Vietnam was a disaster, and the Federal Government has blood on its hands. This is the generation who was young during Kent State and Watergate and the Church Committee and MK Ultra…This was the generation who experienced the US Government high on their New Deal expansion and recent heroism in the wake of World War II, the generation who had their number drawn and was sent for no clear reason to die with their friends in the jungle. This is a generation for whom the US Federal Government actually created real scars.

That generation is dying and their scars will be decomposed. The generational trauma of Vietnam and the enormous scale of anti-federalist anxiety that it caused, let alone the anti-collectivist anxiety generated by the Cold War that followed, is laid to rest more every year that passes. As a result, the solution to the conservative dilemma will be less possible through the neoliberal anti-federalism of the 90s, 00s, and 10s.

I think maybe Trump is best understood as the dying cry of this whole ideological conservative coalition. Not having a campaign platform just doesn’t work in the long term. I mean, how fucking insulting to your constituents?

Young people are, in fact, very ideological. Most haven’t had time to differentiate their ideas from the ideas of textbooks, teachers, their family, their community, the influencers they follow…I mean, that’s all they got! And so, I think there is something to be said for being resentful of the perspective of an 18-year-old on politics. 18-year-olds are, on the whole, immature idiots.

And until 1971 the voting age was actually 21! Why did it change? Vietnam. The reasoning went something like this: if the Federal Government can force (male) Americans to go die on the other side of the Earth, then those same people should be able to vote against the elected officials holding their life in their hands.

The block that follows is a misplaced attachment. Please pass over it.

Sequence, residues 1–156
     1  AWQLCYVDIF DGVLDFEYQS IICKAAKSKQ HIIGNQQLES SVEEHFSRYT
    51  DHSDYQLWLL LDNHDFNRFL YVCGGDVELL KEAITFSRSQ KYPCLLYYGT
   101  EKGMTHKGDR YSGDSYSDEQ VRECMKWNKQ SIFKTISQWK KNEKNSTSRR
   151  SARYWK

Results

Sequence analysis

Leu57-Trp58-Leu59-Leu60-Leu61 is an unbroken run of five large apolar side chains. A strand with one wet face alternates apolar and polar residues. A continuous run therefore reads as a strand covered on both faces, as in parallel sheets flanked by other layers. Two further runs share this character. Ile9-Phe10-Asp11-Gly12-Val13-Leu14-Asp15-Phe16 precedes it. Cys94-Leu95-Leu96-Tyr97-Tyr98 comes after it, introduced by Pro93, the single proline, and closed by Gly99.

Anyway, the anti-federalist solution to the conservative dilemma that held the Republican Party together for the past three decades is falling apart because young people today don’t have the anti-federalist wound of Vietnam.

As the Republican Party has searched for a new solution, they tried some anti-communist shit, which also didn’t work because young people also have no anti-collectivist trauma from the Cold War.

So the elite plutocrats continue to search…what about racism! Let’s reboot the Southern Strategy! Another failure. The internet and our increasingly globalized society has significantly depressed the racist anxieties that led Nixon to a 49-State landslide in 1970 Presidential.

So, where will the GOP go? I think if they were serious they’d turn to the environment and the climate crisis. If DeSantis et al. became champions of carbon capture, renewable energy, and small scale organic agriculture it would put a lot of people in my generation in an ethical bind. This would be especially potent since the right has more of a history of environmental protection anyway than does the left. It’s the looming anxiety, and solving the conservative dilemma requires tapping into existential fears just beneath the surface of huge swaths of the voting base. I guess that’s just one option. What other anxieties you think lie just beneath that the 1% will latch onto?

But they won’t figure it out, because they’re idiots. They’ll delay real reflection by continuing to move the goalposts. The Federalist Society was probably the best investment they made. Each year that goes by 4.5 million new young people will come of voting age and another million older people will die, exacerbating the impossibilities of the current conspiratorial anti-federalist Republican coalition in our democratic society. It’s falling apart now, and has been since 2012. Trump was just like a WWE wrestler mimicking pain as he gets pinned in some sham showdown. Kari Lake is the same shit, though I’m sure the whole time she just wanted a nightly Fox News show: The Kari Hour. Ugh…



Jesse Callahan Bryant

Jesse is a Ph.D. student at the Yale School of the Environment, creator of the Yonder Lies podcast, and instructor for the National Outdoor Leadership School.